Two in the Bush

Feature in Issue 18-3 | Autumn 2006

Miriam King meets Aboriginal Australian dance-theatre artist Stephen Page of Bangarra Dance Theatre.

Australia’s highly acclaimed Bangarra Dance Theatre are coming to London with their latest work, Bush – a lush and hypnotic celebration of beauty, ritual and music inspired by the Aboriginal Dreamtime creation stories of Arnhem Land in Northern Australia. Bangarra is renowned for its unique fusion of contemporary dance and Aboriginal culture, inspired by traditions going back at least 40,000 years, yet also reflecting the lives and attitudes of indigenous people today.

I recently met with Bangarra’s artistic director Stephen Page, who was born in urban Brisbane, a descendant of the Nunukul people and the Munaldjali clan of the Yugambeh tribe from southeast Queensland. In his work with Bangarra, Stephen embraces traditional song, dance and ritual, working intuitively in an organic process to create a physical and visual theatre that uses storytelling through the body, combined with a strong visual arts sensibility. Bangarra embraces the essence and value of traditional stories and brings them to a modern presentation – ‘celebrating identity, and cultivating a form birthed from indigenous tradition bridged with the contemporary’.

Bush, choreographed by Stephen Page and Frances Rings, takes traditional music and arts as a starting point, but doesn’t shy away from contemporary theatre techniques and devices. This is most definitely live theatre: Stephen sculpts everything like a visual artist, then allows it to breathe. Bush has a spiritual core: Stephen hopes ‘to have all the combined artforms breaking through to a spiritual consciousness’.

Each section of Bush is a vignette built on an ancient story. The first story, a creation myth, sees six women with ochre on their faces crawling onto the stage on their knees, like spirits coming from the earth. The performers ‘must embody the travelling as if they have been doing so for 200 days, crawling into common ground, into creation’. Mother Earth Spirit is played by the show’s cultural consultant and guest performer Kathy Marika, a traditional elder from Arnhem Land (a traditional elder is someone from a strong sacred and spiritual family who is still practising customs and rituals). Bush is less a piece about indigenous culture than ‘an indigenous theatrical experience’.

Stephen Page aims to rekindle a sense of culture and identity, working on ‘re-establishing cultural knowledge through the medium of dance-theatre’. Bush celebrates the stories and customs, the kinship and relationships between land, creature and human: traditional indigenous culture ‘acknowledges and celebrates the full circle of life, death and regeneration’. Important to the piece is the notion of Dreamtime, a ‘passage of rituals and stories to do with land, creature and human’. Each clan has its own significant ‘story’ that embeds and gives it the depth of their kinship, customs and law. Art is a huge part of traditional indigenous life: music plays a vital role – there are songs to the land, songs for healing, medicine songs, survival and domestic songs… Bush uses both traditional song and contemporary composition to take the audience on a theatrical journey.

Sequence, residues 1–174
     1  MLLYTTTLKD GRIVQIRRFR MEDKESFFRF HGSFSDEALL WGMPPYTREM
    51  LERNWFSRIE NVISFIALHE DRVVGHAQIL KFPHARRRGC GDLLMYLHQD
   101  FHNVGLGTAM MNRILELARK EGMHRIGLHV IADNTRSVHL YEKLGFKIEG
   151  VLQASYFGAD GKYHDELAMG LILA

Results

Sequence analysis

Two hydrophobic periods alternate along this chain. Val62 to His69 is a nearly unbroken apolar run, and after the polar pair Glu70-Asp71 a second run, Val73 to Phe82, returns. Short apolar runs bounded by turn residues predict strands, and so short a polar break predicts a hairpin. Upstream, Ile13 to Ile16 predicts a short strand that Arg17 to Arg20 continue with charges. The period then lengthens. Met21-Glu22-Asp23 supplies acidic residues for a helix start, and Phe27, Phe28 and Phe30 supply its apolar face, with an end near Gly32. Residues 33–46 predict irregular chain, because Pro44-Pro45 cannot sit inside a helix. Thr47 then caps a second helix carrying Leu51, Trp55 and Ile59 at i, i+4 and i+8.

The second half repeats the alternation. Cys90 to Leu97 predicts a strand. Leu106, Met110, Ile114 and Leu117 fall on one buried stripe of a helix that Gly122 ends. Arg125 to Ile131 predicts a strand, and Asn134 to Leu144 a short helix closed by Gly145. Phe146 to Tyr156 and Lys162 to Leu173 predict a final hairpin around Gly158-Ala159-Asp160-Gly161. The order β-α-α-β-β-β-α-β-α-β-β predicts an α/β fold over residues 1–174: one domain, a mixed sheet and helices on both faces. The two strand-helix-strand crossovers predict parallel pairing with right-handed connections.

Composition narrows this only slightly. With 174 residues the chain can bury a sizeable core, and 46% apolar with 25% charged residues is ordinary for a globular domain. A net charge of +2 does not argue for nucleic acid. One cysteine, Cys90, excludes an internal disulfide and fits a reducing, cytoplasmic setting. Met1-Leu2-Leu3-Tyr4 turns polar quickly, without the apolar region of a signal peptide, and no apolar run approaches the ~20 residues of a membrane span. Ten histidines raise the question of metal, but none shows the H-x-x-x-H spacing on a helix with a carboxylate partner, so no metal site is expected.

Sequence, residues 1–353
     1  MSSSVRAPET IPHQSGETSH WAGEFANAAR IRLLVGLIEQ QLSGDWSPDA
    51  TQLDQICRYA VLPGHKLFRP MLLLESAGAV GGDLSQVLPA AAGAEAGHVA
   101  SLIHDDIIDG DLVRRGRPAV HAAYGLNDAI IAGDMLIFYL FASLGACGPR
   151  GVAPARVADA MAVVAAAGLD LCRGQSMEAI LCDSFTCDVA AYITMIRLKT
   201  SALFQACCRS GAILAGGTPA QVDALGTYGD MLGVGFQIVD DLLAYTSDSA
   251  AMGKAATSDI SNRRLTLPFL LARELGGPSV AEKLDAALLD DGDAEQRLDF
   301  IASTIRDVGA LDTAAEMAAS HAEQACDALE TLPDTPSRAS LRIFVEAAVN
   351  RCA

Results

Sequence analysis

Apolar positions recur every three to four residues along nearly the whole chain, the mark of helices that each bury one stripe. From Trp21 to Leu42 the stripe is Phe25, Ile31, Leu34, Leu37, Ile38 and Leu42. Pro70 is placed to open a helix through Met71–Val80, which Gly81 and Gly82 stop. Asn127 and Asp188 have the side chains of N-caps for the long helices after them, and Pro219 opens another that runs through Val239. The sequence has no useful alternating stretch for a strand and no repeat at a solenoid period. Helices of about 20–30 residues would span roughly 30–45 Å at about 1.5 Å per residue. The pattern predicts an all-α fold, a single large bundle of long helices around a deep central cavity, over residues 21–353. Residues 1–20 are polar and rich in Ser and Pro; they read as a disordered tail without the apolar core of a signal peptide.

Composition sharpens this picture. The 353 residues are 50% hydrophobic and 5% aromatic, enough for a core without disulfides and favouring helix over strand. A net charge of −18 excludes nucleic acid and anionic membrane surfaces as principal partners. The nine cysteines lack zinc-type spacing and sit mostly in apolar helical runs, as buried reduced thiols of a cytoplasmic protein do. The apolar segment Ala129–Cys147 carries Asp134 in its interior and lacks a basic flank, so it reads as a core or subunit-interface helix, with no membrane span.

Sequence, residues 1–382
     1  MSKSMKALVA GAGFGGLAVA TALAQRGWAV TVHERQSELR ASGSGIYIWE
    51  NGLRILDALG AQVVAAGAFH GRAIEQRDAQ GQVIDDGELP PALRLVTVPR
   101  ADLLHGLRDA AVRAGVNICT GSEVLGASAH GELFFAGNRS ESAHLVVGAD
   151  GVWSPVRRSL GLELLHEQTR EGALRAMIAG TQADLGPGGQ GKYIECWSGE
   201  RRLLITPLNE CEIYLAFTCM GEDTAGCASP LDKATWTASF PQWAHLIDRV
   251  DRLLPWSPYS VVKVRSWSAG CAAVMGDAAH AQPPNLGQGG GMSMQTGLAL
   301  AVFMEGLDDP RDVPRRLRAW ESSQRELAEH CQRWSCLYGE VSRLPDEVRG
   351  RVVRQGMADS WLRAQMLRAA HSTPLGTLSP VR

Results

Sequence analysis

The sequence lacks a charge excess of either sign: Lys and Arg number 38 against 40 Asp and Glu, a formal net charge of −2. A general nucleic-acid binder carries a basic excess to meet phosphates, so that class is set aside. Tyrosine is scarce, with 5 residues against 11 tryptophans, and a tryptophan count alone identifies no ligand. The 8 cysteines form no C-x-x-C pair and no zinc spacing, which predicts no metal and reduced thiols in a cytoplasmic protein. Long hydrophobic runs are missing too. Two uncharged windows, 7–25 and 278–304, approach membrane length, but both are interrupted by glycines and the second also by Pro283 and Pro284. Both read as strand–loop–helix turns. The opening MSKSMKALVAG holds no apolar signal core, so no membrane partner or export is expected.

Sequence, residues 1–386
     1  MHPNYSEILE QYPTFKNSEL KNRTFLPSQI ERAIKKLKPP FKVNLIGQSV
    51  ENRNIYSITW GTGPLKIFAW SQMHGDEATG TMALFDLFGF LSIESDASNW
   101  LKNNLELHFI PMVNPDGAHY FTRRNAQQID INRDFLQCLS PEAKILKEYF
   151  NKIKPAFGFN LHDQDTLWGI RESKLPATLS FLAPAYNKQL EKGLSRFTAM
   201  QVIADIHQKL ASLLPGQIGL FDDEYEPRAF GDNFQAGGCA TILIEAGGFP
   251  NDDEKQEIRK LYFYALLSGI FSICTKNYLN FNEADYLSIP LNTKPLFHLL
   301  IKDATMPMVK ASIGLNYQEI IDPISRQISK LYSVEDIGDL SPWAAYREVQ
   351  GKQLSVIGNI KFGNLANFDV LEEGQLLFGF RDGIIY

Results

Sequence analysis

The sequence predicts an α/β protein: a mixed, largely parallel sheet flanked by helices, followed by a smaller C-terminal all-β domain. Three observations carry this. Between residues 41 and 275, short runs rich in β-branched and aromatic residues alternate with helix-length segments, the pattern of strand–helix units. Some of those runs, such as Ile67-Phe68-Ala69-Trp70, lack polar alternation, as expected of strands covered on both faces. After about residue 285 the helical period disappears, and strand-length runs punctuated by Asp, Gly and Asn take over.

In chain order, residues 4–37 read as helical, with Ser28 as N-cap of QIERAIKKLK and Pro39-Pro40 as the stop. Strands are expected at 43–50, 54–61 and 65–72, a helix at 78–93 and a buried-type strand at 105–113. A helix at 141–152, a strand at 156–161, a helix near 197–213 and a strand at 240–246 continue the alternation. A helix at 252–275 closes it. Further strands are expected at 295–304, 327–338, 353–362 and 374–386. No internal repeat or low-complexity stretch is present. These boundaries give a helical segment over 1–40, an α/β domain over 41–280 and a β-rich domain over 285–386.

Stephen Page has an enormous range of experience: he choreographed the Indigenous segments of the opening and closing ceremonies of the 2000 Sydney Olympic Games, involving a thousand indigenous people in an eleven-minute show which was a myriad of languages and stories; he’s made work on social and political issues, such as the Stolen Generation; he’s taken Bangarra shows out into the Central Desert, and made outdoor work in Adelaide Botanical Gardens.

He treads a tightrope, or indeed a precious bridge, in creating a meeting point between indigenous dance and urban culture. He also embraces his work with Bangarra as ‘an opportunity to be a voice through dance for the indigenous people of Australia’, the first nation, who are still fighting to have their voices heard.

It’s sadly ironic that the Australian Government and the Australia International Cultural Council, an initiative of the Department of Foreign Affairs and Trade, support this tour and are happy for Bangarra to represent Australia overseas when this establishment is recalcitrant in acknowledging its past evils against the Aboriginal nation. The wealth of languages and cultures that makes up the indigenous culture of Australia should be respected and declared national treasures immediately – there’s no time to waste.

Bush by Bangarra Dance Theatre will be at Sadler’s Wells in London on Thursday 14, Friday 15 and Saturday 16 September 2006. See www.sadlerswells.com

Referenced Artists

This article in the magazine

Issue 18-3
p. 13